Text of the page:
Our first of three (or four) big events is literally the biggest single event in the entire sport: the start of the Vendee Globe, and with over 2 million attendees and a truly circus-like atmosphere, there’s plenty to learn and plenty of people to chat with.  Last time around in 2012, we were quite literally the only reporters from our hemisphere, but four years of international PR and a partnership with Keith Mills’ OSM has definitely improved the situation – I actually drove down from Paris with New York Times sailing editor Chris Museler, and several other non-sailing publications (including the Boston Globe) are on the ground in Les Sables D’Olonne doing their thing for the hundreds of thousands of Americans we know are ripe to learn more about this incredible race and its stars: the skippers AND the boats.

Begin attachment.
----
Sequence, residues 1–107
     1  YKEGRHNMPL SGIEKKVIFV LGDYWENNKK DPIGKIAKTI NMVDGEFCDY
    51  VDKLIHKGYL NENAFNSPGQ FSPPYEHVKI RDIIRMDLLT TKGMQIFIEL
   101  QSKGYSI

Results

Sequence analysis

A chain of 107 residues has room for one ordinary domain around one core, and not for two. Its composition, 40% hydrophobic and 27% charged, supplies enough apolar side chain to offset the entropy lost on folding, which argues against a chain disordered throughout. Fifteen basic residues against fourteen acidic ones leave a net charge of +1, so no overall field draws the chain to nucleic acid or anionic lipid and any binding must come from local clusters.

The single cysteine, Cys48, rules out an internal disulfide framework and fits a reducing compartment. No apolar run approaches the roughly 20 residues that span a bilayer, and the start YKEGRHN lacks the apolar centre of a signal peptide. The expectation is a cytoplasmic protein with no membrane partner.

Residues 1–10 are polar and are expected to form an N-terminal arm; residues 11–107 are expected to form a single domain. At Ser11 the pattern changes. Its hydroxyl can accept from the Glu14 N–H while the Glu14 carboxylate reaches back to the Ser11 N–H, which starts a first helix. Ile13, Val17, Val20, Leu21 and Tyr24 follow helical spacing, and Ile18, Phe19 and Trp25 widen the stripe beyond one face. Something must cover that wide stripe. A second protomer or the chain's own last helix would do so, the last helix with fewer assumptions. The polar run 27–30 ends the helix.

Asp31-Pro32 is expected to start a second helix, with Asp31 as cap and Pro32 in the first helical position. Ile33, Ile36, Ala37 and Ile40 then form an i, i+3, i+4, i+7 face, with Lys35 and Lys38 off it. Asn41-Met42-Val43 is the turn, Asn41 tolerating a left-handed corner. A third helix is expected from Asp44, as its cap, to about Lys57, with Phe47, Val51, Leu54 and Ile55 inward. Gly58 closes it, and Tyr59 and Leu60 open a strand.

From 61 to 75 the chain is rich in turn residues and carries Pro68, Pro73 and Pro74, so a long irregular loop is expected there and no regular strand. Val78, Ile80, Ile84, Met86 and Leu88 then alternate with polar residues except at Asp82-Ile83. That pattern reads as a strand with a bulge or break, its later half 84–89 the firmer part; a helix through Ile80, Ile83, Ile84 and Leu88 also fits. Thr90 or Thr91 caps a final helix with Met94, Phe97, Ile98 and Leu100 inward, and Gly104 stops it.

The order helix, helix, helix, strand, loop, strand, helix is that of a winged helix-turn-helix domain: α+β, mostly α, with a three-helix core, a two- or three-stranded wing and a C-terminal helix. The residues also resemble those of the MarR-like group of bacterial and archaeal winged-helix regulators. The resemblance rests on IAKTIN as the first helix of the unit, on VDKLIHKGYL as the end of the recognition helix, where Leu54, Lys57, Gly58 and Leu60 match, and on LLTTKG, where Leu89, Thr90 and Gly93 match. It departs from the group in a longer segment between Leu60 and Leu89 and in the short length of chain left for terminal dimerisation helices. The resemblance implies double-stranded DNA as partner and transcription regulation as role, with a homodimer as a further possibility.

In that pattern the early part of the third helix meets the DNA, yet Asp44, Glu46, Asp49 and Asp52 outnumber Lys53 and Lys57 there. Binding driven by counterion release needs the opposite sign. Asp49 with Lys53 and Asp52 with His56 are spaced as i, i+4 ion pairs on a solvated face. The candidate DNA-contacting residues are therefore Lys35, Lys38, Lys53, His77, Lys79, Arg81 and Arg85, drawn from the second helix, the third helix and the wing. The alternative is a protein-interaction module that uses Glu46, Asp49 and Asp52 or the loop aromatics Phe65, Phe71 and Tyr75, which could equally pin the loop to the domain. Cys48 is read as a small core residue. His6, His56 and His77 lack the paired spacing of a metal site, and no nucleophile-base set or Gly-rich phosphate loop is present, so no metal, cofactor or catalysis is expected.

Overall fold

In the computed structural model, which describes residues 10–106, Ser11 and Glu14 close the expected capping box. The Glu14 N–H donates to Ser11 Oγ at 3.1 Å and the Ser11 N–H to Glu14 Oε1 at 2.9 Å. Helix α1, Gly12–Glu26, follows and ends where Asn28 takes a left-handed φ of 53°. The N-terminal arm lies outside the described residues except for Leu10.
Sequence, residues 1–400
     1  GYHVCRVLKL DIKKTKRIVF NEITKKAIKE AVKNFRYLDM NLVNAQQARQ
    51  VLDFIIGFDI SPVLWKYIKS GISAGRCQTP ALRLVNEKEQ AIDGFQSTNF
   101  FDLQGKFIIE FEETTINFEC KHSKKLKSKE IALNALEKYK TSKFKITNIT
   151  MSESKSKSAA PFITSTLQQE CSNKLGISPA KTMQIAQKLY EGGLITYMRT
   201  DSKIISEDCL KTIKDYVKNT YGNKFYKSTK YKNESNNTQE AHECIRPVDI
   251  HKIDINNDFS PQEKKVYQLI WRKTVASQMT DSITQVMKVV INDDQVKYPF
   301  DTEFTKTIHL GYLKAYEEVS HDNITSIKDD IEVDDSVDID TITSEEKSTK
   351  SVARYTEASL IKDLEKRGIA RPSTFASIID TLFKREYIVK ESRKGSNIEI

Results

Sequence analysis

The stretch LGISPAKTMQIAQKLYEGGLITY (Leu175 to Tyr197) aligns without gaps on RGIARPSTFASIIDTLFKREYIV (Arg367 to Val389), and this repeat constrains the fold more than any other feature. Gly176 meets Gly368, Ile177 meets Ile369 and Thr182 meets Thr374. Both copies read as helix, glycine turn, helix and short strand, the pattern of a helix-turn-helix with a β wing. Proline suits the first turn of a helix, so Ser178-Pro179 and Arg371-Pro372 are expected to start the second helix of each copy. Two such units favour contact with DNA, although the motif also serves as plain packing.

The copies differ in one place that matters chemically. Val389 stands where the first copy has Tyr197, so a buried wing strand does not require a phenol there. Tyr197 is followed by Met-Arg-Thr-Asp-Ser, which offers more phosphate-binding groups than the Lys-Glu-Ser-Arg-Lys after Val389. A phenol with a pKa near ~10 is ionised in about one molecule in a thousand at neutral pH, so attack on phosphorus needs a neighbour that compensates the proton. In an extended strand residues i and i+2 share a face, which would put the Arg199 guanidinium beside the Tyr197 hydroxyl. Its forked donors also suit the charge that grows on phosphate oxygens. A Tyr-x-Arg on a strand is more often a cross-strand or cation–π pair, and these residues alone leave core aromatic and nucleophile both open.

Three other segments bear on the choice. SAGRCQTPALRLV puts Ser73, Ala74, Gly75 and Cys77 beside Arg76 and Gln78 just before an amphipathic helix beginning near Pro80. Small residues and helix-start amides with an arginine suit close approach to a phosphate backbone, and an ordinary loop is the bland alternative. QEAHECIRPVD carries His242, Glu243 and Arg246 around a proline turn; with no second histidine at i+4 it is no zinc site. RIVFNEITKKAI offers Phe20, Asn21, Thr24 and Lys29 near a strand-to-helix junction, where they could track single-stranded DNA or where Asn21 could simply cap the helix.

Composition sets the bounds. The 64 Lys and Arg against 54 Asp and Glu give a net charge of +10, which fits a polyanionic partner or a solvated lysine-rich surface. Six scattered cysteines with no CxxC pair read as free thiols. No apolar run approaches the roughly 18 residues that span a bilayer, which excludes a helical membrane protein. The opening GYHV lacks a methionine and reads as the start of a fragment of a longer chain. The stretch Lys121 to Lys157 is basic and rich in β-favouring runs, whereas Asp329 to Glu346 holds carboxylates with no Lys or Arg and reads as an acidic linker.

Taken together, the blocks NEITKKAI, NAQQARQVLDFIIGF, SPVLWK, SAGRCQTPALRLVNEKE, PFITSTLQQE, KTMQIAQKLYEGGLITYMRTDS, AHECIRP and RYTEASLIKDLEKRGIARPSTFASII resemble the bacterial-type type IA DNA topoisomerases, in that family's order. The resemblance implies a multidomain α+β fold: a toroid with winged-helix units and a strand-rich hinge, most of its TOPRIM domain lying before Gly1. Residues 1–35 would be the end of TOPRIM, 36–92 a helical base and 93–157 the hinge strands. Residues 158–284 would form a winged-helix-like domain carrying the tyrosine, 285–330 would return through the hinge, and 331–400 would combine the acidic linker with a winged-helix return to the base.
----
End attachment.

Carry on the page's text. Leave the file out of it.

While the non-Breton organizers of the Vendee Globe (the one event not owned by IMOCA) have always butted heads with the skippers and Class organization on many matters, they do some things extremely well, and the results of their excellent media relations and promo work are easy to see: With some 1100 individually accredited writers and photographers, the Vendee has the largest press corps in attendence of any sailboat race. And while by far the biggest group is French and the Vendee does its best work in French, the message continues to grow to non-French audiences.  So while last time, our mission was to provide full English interviews with every departing skipper prior to the start – something no one had ever done – that’s no longer necessary, as between the event, the team media, and independent reporters, all of our readers should easily find more information than they need on almost every aspect of the race.  If you want to relive the 2012/13 race, the best way to do so is by going through the Vendee thread from start to finish – it’ll take some time, but it’s a chronological and mostly complete look at every aspect of the race as crowd-sourced by you, the reader.  For a quick hit, you can check out the full replay of that excellent start over here.